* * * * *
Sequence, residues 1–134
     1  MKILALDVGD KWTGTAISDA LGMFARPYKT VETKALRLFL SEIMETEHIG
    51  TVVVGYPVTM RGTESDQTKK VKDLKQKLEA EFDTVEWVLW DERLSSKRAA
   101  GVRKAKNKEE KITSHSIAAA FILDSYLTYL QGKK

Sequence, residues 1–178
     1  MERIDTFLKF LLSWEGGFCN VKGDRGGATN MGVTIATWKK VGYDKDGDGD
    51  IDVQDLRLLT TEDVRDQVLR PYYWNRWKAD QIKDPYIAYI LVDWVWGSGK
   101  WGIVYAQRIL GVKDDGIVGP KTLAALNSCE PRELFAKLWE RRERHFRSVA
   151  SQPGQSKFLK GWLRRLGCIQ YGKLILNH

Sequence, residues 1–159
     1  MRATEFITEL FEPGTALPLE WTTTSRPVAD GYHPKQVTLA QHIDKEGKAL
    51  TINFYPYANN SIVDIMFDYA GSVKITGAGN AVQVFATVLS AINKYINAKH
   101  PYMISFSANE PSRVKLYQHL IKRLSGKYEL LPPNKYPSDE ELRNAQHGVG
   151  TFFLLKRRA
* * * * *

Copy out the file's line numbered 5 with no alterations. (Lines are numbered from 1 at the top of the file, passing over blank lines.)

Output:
Sequence, residues 1–178